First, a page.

He is the recipient of Akabori Memorial Award 2014, Max-Bergmann Medal 2016, Nagoya Medal Silver 2017, Vincent du Vigneaud Award 2019, Bohlmann Lecture 2019, MIT TY Shen Lecture 2020, ETHZ Prelog Lecture 2020, Research Award of the Alexander von Humboldt Foundation 2020, and Hisayuki Matsuo Award 2022. He is the 121st President of Chemical Society of Japan, and a member of Council of Science, Technology, and Innovation, Cabinet Office of Japan. His research interests are in the field of peptides/proteins/RNAs and drug discovery. He is also a founder of PeptiDream and MiraBiologics in Japan, serve as the Chair of Editorial Board of the RSC Chemical Biology.
Timothy Caulfield (Thursday 24 August 2023)
Science & the Misinformation Crisis!
Timothy Caulfield is a Canada Research Chair in Health Law and Policy, a Professor in the Faculty of Law and the School of Public Health, and Research Director of the Health Law Institute at the University of Alberta. His interdisciplinary research on topics like stem cells, genetics, research ethics, the public representations of science, and public health policy has allowed him to publish over 350 academic articles. He has won numerous academic, science communication, and writing awards, and is a Member of the Order Canada and a Fellow of both the Royal Society of Canada and the Canadian Academy of Health Sciences. He contributes frequently to the popular press and is the author of two national bestsellers: The Cure for Everything: Untangling the Twisted Messages about Health, Fitness and Happiness (Penguin 2012) and Is Gwyneth Paltrow Wrong About Everything?: When Celebrity Culture and Science Clash (Penguin 2015). His most recent book is Relax, Dammit!: A User’s Guide to the Age of Anxiety (Penguin Random House, 2020). Caulfield is also the co-founder of the science engagement initiative #ScienceUpFirst and was the host and co-producer of the award-winning documentary TV show, A User’s Guide to Cheating Death, which has been shown in over 60 countries, including streaming on Netflix in North America.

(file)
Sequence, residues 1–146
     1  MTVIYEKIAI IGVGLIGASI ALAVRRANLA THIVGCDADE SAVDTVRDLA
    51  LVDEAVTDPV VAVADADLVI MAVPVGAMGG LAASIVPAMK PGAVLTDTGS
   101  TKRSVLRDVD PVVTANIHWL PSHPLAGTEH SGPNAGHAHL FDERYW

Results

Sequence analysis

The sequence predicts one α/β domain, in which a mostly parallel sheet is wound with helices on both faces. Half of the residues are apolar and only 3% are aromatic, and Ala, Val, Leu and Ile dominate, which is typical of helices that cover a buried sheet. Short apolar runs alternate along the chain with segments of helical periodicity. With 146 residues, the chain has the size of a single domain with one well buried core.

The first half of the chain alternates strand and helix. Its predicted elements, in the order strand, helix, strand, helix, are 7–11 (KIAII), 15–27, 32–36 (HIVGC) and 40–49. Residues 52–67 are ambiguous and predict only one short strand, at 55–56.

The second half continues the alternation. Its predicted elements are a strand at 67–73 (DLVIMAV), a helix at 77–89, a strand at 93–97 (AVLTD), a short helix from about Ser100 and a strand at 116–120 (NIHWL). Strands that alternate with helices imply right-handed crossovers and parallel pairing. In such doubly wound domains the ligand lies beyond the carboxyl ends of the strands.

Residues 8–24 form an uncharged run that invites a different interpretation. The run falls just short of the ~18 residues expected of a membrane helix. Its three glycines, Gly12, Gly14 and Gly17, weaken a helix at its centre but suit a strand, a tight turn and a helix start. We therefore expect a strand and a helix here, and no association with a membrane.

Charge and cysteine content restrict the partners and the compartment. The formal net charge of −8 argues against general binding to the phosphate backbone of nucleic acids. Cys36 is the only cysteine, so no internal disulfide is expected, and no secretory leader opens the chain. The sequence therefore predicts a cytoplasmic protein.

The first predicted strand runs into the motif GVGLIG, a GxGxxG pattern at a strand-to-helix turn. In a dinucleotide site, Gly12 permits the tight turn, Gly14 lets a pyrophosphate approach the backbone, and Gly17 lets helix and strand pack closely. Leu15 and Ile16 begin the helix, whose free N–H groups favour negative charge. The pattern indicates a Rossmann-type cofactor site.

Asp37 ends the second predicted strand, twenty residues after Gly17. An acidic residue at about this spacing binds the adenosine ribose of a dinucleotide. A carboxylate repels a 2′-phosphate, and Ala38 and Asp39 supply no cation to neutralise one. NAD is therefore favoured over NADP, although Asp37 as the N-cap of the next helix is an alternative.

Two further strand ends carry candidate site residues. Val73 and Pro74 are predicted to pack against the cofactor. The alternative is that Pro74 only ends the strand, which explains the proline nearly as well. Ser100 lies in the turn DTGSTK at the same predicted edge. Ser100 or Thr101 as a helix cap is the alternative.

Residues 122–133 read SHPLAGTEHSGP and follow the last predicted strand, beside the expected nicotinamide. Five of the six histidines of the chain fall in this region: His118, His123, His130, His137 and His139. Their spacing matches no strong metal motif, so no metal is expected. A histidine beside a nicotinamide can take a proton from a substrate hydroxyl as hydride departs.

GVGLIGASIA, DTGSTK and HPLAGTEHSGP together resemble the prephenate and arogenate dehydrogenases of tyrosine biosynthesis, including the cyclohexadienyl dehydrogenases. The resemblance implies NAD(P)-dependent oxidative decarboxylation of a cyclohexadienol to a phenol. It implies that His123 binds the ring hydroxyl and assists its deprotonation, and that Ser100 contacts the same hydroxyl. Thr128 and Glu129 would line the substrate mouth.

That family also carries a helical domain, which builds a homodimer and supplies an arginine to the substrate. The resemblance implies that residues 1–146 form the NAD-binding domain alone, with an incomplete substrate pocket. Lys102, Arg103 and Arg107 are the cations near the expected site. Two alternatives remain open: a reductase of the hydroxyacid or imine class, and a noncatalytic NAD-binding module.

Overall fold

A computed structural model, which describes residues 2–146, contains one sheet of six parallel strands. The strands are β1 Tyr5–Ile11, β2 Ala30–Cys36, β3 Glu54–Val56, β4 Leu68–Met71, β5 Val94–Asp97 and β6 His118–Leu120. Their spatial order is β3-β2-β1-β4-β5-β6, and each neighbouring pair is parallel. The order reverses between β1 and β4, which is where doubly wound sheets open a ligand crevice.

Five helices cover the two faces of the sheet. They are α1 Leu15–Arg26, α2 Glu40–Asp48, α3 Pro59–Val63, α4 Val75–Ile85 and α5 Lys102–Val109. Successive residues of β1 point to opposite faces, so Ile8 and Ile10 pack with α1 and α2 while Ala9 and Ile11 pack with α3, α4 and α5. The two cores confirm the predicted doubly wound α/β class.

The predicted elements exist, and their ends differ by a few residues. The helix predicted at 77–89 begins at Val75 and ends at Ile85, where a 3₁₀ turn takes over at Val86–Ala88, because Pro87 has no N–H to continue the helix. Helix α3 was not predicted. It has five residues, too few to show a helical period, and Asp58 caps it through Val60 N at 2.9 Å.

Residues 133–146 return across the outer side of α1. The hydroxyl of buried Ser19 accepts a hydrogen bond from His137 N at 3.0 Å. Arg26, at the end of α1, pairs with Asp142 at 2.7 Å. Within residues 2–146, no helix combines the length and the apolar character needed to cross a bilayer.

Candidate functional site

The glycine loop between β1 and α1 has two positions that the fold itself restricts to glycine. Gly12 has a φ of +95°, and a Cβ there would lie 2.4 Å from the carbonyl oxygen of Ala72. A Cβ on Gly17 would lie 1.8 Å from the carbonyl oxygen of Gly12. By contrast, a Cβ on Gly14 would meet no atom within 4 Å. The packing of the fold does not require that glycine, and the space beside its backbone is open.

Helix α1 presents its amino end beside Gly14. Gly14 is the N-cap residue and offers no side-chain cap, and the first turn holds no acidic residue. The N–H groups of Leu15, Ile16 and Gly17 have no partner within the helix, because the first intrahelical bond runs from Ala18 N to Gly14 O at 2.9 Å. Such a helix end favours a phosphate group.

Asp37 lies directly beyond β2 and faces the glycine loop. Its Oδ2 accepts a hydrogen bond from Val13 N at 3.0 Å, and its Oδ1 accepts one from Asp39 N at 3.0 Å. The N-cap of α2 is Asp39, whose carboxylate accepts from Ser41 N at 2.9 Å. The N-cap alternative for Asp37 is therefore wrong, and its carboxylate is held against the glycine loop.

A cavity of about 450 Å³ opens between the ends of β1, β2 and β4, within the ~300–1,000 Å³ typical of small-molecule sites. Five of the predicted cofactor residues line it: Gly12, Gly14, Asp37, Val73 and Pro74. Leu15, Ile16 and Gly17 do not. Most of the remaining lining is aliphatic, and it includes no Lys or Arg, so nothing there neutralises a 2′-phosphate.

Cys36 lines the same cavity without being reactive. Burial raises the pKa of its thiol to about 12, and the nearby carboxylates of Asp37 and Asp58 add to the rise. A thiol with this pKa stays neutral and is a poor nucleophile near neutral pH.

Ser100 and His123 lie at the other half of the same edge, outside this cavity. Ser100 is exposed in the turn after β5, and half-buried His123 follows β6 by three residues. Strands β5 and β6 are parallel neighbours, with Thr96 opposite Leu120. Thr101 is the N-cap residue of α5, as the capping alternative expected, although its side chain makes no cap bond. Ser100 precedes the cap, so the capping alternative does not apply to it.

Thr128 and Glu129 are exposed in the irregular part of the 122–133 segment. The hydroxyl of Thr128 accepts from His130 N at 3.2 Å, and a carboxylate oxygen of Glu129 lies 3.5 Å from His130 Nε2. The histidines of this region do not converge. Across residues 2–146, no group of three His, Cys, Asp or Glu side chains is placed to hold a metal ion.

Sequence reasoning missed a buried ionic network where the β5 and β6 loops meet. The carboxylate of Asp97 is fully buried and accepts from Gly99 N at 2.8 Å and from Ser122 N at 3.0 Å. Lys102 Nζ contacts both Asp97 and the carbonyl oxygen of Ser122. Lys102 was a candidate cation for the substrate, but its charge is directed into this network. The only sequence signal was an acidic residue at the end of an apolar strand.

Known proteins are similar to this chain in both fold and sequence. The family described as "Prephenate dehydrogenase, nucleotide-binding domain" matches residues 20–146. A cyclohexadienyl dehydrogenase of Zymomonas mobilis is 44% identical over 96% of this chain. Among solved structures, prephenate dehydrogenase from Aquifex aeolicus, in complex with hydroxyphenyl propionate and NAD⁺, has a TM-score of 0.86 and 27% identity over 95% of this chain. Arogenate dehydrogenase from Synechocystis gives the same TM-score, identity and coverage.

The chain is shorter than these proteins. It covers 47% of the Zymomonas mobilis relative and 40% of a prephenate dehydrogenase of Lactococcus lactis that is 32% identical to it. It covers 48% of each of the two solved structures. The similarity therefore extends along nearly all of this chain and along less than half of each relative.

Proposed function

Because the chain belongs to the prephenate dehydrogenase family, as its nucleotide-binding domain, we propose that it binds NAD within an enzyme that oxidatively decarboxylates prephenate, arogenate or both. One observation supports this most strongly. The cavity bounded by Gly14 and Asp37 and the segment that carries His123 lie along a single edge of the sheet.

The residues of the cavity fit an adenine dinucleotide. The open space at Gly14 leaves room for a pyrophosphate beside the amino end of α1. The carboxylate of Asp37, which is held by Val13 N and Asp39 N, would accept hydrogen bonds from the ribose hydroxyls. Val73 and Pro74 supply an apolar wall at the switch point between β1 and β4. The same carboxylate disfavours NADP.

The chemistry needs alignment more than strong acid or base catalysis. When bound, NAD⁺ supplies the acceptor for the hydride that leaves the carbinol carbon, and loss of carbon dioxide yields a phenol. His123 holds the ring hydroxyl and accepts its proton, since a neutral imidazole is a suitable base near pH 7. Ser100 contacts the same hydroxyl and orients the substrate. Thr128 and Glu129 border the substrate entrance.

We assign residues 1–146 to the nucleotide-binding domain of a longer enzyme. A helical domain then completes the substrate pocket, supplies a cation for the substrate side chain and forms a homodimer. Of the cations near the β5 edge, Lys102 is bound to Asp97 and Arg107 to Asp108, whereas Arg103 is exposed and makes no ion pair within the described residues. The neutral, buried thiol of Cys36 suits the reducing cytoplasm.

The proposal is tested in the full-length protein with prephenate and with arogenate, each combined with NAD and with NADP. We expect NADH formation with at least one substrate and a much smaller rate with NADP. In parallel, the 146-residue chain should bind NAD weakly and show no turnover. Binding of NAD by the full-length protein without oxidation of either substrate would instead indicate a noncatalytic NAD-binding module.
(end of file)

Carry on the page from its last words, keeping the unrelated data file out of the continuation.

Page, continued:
Chad A. Mirkin (Friday 25 August 2023)
Exploring the Matterverse with Nanomaterial Megalibraries
Dr. Chad A. Mirkin is the Director of the International Institute for Nanotechnology and the George B. Rathmann Professor of Chemistry, Chemical and Biological Engineering, Biomedical Engineering, Materials Science & Engineering, and Medicine at Northwestern University. He is a chemist and a world-renowned nanoscience expert, who is known for his discovery and development of spherical nucleic acids (SNAs) and SNA-based biodetection and therapeutic schemes, Dip-Pen Nanolithography (DPN), related cantilever-free nanopatterning and material discovery methodologies, On-Wire Lithography (OWL) and Co-Axial Lithography (COAL), and contributions to supramolecular chemistry and nanoparticle synthesis. Mirkin received his B.S. degree from Dickinson College (1986) and a Ph.D. degree from the Penn State University (1989). He was an NSF Postdoctoral Fellow at the MIT prior to becoming a professor at Northwestern University in 1991. He has authored over 840 manuscripts and over 1,200 patent applications worldwide (over 400 issued) and founded multiple companies, including AuraSense, Exicure, TERA-print, and Azul 3D. Mirkin has been recognized with over 230 national and international awards, including the Kabiller Prize in Nanoscience and Nanomedicine, the SCI Perkin Medal, the Wilhelm Exner Medal, the RUSNANOPRIZE, the Dan David Prize, and the Sackler Prize in Convergence Research. He served for eight years on the President’s Council of Advisors on Science & Technology, and he is one of very few scientists to be elected to all three US National Academies. Mirkin has served on the Editorial Advisory Boards of over 20 scholarly journals, and he is the founding editor of the journal Small. At present, he is an Associate Editor of JACS and a PNAS Editorial Board Member. He has given over 860 invited lectures and educated over 300 graduate students and postdoctoral fellows, of whom over 120 are now faculty members at top institutions around the world.